Tuesday, Amazon held its annual devices and services event, announcing several new Amazon products and features.
We saw a new smart thermostat, the Echo Show 15 wall-mountable, and the Amazon Glow for kids.
There were additional Blink products on display, as well as the new Ring Alarm Pro service for monitoring your home in real-time while you’re away.
The Always Home Cam drone showed up naturally, but Astro, the robot, stole the show.
Behind those eye-catching new devices were several significant updates to Alexa and the Echo platform as a whole.
Let’s take a look at everything new you’ll be able to do with your voice assistant shortly.
‘Hey, Disney’ allows you to communicate with Disney characters and manage hotel reservations
Amazon has partnered with Disney to create a custom voice assistant for Echo devices. By simply saying, “Hey, Disney,” you’ll soon be able to access an entirely new world (sorry) of related content.
The feature makes use of Amazon’s new third-party Amazon Custom Assistant program.
Verizon teased the program’s service with its upcoming brilliant display and associated the “Hi, Verizon” command.
How you’ll use it
The new Disney feature is focused on the Disney Hotel experience, which means that when you stay in a Disney hotel room equipped with an Echo device (approximately 30,000 Echo Show 5s are on their way to Disney properties), you’ll be able to access a wealth of information about your stay and nearby amenities.
According to Amazon, the assistant can assist guests with room requests such as requesting additional towels and baggage and checkout.
It can also provide information about the resort, such as when the next bus to Epcot departs, where an Italian restaurant is located, and what time each park opens and closes.
The Disney feature at home will provide interactive games, stories, jokes, and sing-alongs narrated by famous Disney characters.
The feature will be available to hotel guests and a paid add-on for Echo devices in your home beginning next year.
Why it matters
Besides being a fun (but annoyingly not free) feature for Echo devices, it demonstrates what brands can do with custom assistants.
Hotels, restaurants, and theme parks may soon offer their assistants to assist visitors. Disney’s film is the first to be released, but it most certainly will not be the last.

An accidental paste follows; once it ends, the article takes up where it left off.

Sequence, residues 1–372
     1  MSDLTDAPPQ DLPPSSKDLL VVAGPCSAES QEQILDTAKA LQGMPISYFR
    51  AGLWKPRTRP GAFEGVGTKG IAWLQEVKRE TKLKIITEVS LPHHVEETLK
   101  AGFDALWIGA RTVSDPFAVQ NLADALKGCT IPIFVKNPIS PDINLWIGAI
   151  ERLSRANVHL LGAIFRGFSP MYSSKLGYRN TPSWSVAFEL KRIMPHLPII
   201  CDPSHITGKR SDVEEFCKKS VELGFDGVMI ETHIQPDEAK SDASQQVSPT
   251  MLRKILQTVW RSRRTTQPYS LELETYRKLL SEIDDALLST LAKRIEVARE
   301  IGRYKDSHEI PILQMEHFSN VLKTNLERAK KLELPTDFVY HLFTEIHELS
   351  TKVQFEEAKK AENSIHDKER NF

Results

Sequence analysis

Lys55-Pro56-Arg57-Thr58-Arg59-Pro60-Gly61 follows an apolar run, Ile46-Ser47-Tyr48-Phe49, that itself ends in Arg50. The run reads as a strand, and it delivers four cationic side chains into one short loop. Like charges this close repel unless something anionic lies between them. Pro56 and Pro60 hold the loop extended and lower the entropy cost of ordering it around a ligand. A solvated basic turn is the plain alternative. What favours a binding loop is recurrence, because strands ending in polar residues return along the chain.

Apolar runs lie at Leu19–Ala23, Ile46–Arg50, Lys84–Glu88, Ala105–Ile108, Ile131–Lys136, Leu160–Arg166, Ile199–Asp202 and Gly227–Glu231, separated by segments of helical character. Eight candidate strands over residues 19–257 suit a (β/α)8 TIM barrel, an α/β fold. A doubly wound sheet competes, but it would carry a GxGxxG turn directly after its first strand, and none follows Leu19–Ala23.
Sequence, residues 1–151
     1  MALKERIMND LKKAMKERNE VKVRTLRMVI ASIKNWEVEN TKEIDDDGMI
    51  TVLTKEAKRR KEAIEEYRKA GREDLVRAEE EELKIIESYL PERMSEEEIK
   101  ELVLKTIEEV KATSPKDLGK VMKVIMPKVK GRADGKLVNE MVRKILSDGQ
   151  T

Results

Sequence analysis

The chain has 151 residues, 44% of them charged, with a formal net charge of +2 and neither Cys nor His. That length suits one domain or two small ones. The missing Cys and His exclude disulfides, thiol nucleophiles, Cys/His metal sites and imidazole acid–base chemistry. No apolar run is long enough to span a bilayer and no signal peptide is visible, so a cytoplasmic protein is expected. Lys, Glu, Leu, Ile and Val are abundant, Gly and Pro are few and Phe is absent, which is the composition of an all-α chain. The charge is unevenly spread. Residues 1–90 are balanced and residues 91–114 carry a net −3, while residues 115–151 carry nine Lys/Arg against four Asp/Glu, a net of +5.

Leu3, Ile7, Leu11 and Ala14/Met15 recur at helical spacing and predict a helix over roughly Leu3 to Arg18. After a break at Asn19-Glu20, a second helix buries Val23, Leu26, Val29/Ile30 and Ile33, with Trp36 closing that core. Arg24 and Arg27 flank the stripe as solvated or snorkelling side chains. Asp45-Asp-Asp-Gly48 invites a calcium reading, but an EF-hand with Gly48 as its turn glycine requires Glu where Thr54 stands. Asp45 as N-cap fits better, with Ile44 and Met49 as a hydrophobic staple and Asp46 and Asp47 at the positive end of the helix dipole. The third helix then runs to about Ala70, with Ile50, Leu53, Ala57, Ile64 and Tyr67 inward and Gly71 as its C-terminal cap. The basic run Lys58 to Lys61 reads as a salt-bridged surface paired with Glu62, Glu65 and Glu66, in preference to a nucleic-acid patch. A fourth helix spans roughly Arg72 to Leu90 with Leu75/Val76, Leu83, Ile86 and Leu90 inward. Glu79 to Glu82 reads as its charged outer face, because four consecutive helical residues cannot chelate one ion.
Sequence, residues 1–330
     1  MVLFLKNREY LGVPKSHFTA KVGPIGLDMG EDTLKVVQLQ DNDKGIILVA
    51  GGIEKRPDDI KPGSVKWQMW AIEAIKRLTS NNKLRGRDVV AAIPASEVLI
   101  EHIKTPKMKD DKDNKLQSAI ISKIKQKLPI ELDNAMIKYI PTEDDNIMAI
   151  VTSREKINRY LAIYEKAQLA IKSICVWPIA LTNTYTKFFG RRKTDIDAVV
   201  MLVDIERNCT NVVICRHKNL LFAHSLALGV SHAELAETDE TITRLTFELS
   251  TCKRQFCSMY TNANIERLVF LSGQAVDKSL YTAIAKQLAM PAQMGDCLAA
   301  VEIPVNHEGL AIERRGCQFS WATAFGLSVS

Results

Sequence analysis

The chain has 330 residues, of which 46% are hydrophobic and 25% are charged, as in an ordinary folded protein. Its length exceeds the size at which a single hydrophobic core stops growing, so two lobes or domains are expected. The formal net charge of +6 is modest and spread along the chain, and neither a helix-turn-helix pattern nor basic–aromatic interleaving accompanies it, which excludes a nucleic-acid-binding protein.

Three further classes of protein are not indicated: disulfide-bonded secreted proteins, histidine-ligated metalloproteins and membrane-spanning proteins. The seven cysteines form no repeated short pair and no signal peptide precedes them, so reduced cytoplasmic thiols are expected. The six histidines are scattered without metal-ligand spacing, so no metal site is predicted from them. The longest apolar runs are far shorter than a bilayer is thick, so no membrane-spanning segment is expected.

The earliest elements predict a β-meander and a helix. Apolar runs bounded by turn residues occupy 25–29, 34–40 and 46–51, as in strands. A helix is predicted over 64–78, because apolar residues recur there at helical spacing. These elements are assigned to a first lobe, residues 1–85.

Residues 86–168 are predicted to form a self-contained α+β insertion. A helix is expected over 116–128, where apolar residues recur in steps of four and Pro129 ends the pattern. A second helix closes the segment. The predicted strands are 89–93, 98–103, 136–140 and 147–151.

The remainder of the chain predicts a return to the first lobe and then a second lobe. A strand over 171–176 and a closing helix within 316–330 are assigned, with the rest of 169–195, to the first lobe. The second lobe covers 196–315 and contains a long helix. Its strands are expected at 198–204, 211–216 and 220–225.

Visual ID provides personalized experiences
What has changed
Amazon announced Visual ID, a facial recognition feature that will recognize you whenever you look into the Echo Show 15 camera, allowing Alexa to deliver personalized content.
It is currently only available on the Echo Show 15, as it is the first device to incorporate Amazon’s new AZ2 neural processing chip.
The AZ2 chip can process computer vision (what the camera sees) locally on the device without sending data to the cloud.
Visual ID is an optional feature that is disabled by default. To use the quality, you must opt-in and enroll in your facial profile.
According to the company, this profile will not be sent to any other devices.
How do you intend to use it
Visual identification will not require any additional voice commands. After opting in and enrolling your face, walk into the camera’s view of the Echo Show 15.
You’ll then be able to view items such as to-do lists, sticky notes, calendar appointments, and recipes that are tailored to your dietary needs.
Additionally, Amazon’s use of facial recognition technology in its other innovative home products has sparked outrage from privacy advocates.
In December 2019, the personal information of thousands of Amazon Ring users was exposed.
The ring has since updated its security policies to require two-factor authentication, added end-to-end video encryption, and added support for CAPTCHA and authenticator apps.
Custom Sounds can be used to train Alexa to recognize specific noises
Alexa Guard can listen for sounds such as glass breaking or smoke and CO2 alarms activating and randomly dim intelligent lights to create the illusion of someone being home.
Custom Sounds are now available on Amazon’s Echo devices, independent of Alexa Guard or the paid Alexa Guard Plus.
Alexa will learn how to respond to a specific sound when it is detected. Next year, the feature will be available.
How you’ll use it
While details about how you’ll train Alexa to listen for the sounds are not yet available, once you do, notifications and associated imaginative home responses can be triggered when the selected sound occurs.
If Alexa detects the sound of your doorbell ringing, for example, a smart bulb in your home may flash, or you may receive a notification on your preferred device (s).
Additional information about Alexa Guard